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de Havilland Vampire
F. Mk.1 Swiss AF


Czech Master Resin, 1/72 scale

S u m m a r y :

Catalogue Number:

Czech Master Resin Kit No. 226 - de Havilland Vampire F. Mk.1 Swiss AF

Scale:

1/72

Contents & Media

57 x cream resin airframe parts, 7 x black resin undercarriage parts, 1 x Eduard coloured photo-etch (PE) fret,  2 x vac-from acetate canopies, 1 x  Eduard pre-cut paint mask and decals for 4 x aircraft

Price:

Available online from Hannants for £31.48, West Coast Hobbys for Cn$47.00 and various other CMR stockists. (Click here for currency conversion)

Review Type:

First Look

Advantages:

Highly detailed and very comprehensive kit.

Disadvantages:

None apparent.

Conclusions:

Suited to modellers with some resin and multi-media experience.  A superb kit.

 

Reviewed by Mark Davies


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Background

 

The Vampire, originally to be named Spidercrab, was Britain’s second production jet fighter. It came into service just a little too late to see action in WW2. It was designed to exploit the Goblin jet engine that for its time was more powerful than most other early jets, enabling a single engine fighter to be considered when most designs required two engines. The twin-boom layout was adopted because this did not require a long jet-pipe that would have led to a loss of thrust. The small fuselage was constructed of wood in a similar manner to de Havilland’s Mosquito, but the remaining airframe was of conventional metal construction.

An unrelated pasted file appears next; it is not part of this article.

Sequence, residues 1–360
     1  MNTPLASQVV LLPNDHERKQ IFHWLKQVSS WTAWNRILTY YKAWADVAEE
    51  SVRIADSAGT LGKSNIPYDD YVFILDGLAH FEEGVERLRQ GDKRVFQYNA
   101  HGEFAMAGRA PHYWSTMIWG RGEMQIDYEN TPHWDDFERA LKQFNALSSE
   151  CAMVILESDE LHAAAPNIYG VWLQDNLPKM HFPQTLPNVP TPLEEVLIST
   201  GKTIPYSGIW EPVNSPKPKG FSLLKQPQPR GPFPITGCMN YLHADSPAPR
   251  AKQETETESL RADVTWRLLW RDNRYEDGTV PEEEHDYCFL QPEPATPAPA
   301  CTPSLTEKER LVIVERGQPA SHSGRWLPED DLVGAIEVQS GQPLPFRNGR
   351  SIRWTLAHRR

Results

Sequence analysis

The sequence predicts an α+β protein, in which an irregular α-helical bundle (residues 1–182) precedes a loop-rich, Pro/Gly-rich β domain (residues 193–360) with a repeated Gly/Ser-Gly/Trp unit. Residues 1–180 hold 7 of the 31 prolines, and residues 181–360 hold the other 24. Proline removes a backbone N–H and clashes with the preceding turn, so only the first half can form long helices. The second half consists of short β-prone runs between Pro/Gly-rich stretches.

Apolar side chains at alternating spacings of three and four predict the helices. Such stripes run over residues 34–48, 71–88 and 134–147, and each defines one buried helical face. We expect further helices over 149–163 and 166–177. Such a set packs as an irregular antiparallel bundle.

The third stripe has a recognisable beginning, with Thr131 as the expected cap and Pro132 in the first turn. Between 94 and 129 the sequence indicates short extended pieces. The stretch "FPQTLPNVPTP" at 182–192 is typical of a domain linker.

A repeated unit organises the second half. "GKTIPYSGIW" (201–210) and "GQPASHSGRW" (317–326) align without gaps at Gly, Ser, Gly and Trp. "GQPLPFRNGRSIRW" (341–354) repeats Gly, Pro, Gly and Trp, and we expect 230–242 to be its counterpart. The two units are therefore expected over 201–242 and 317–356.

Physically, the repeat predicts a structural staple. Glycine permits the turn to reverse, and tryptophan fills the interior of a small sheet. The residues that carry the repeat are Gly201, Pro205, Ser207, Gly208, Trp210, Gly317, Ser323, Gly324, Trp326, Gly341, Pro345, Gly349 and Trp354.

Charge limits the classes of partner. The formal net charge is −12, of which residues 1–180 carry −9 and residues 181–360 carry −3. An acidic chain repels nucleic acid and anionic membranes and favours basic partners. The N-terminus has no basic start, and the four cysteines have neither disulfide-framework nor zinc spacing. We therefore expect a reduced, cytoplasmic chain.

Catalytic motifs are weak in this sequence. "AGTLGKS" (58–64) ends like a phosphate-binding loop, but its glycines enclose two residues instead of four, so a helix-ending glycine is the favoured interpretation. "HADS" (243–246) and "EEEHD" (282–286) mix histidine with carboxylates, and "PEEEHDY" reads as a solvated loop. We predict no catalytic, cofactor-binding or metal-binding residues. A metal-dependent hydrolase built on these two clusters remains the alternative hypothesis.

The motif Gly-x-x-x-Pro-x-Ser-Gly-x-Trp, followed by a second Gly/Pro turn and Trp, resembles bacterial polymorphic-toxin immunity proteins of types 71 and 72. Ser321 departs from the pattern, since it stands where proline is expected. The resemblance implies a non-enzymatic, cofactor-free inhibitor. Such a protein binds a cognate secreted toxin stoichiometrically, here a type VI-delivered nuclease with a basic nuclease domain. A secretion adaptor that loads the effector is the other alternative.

Flying only six months after Gloster’s Meteor in September 1943, the Vampire was a private venture project whereas the Meteor was already specified for production.  Two notable firsts attributed to the early Vampire were being the first RAF aircraft to exceed 500 mph in level flight, and the first jet to land on an aircraft carrier. It would go on to be developed into a very successful family of fighter-bombers, navalised versions, and two-seat all-weather fighters and trainers. Widely exported, the Vampire was still in relatively wide service with several airforces in the 1960’s and ‘70’s.

The Swiss Air Force selected the Vampire as its first jet aircraft, initially ordering three F Mk 1s.  Although all were delivered to Switzerland, one of these never made it into Swiss Air Force service as it was being used by the Swiss procure agency, Kriegstechnische Abteilung (KTA) for pilot training when it crashed after take-off at Dubendorf in August 1946. Consequently a fourth F Mk 1 was procured. The three remaining F Mk 1’s were retired in April 1961. However other marks of Vampire were to remain in Swiss service until replaced by BAE Hawks, and it was in January 1990 when the last 59 fighters and 33 trainers were finally withdrawn from service. (Thankfully, warbird enthusiasts bought many of these after their auction by the Swiss government.)

 

 

FirstLook

 

As far as I’m aware in 1/72 there have not been that many Vampire kits. There is the old Frog kit and far superior Heller/Airfix issue, both FB.5’s (although Heller also offered a French Mistral). Revell has also boxed the Heller kit, and Marivox offered it with conversion parts to make and F.Mk 1. Released just a few weeks ahead of this review were an F Mk 1 & FB.6 by A-Model (I have yet to see these kits, but I have been told they have some accuracy shape issues) . CMR has previously offered the Vampire prototype called the Spidercrab, and in 2009 the F.Mk 1 as the first of an all-new series of single-engine Vampires in “Hi-Tech” multi-media format.  This Swiss AF boxing of the earlier F Mk I provides some nice colour schemes and interesting ferry tanks.